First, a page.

Many don't want the civic center
Those studies discussed repairs, retrofits and the eventual replacement of the city hall and fire station. Despite the implications in the letter, none of them mention demolition or the current civic center concept.
The current concept, expanding the scope and cost of this earlier work, came to life in October, 2007. Refer to the hasty addition to a Community Satisfaction Survey of two leading questions about the desirability of expanding city hall to include a senior/community center and more police space. Concepts only; no costs included.
Presto, council received the answers they needed to make their wishes official.
Then a Citizen Task Force certified as authoritative the council's wishes for an expanded civic center complex. This genesis bears no relation to any of the engineering studies now cited as underpinning the effort.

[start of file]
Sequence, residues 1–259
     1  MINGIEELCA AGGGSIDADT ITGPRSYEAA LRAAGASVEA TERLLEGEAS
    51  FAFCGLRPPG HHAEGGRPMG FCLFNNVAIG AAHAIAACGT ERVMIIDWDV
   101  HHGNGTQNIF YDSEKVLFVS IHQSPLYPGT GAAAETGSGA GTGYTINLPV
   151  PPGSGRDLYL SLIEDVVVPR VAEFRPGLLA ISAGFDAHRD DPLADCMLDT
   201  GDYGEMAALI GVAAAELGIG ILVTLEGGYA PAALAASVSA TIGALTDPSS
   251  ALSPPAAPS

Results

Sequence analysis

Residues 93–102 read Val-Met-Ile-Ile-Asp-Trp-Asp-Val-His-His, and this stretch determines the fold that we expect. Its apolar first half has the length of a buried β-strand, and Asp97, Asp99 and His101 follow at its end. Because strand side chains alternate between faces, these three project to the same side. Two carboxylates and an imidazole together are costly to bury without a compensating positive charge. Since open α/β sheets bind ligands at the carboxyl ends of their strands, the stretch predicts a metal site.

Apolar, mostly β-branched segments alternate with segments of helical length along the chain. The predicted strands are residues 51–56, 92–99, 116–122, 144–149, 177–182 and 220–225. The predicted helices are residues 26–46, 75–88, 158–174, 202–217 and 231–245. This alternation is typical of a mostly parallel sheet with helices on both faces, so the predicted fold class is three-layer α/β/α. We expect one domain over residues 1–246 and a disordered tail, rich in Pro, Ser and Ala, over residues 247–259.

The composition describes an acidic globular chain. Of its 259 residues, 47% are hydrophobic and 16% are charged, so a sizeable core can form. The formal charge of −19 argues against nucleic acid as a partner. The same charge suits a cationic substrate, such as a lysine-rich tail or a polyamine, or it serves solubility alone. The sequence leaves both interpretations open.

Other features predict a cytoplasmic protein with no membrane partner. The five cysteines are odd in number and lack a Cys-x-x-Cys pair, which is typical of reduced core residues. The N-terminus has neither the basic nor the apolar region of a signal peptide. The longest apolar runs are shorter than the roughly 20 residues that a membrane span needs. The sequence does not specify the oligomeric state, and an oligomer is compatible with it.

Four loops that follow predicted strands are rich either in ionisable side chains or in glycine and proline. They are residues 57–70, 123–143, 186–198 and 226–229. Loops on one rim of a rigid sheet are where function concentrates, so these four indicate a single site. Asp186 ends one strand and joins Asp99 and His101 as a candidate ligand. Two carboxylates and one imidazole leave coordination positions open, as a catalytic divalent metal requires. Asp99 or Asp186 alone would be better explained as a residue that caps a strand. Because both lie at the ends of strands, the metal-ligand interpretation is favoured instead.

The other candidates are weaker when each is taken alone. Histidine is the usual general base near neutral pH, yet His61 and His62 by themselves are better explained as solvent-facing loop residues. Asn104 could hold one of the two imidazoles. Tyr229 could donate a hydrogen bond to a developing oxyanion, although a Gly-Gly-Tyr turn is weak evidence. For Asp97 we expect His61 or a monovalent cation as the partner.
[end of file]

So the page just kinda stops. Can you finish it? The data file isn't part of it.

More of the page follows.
Moreover, what collapsed was not "the ceiling," but a ceiling in one room, a ceiling with previously identified problems. The city demolished an entire building because the ceiling in an area of about 700 square feet collapsed. Would a responsible home owner bulldoze their house because the bathroom ceiling failed? Would a business?
Council's progressive agenda misread the unfolding economic downturn which still impacts voters' thinking today. And they willfully ignored that a stand-alone city hall was already priced in the 2007-08 biennial budget at less than $7.5 million. A 20,000 square-foot building to include a Senior/Community Center was priced separately at $11.1 million in a March, 2008 consultant's analysis.
The council chamber ceiling failed in July, 2008. Rather than expanding the scope of the project beyond a city hall, they could have put a city hall on the ballot in 2008 for far less than $25 million. The rent boogeyman would have never become a contrived crisis and the city would not now be threatening citizens with the loss of vital services if we don't do what we're told.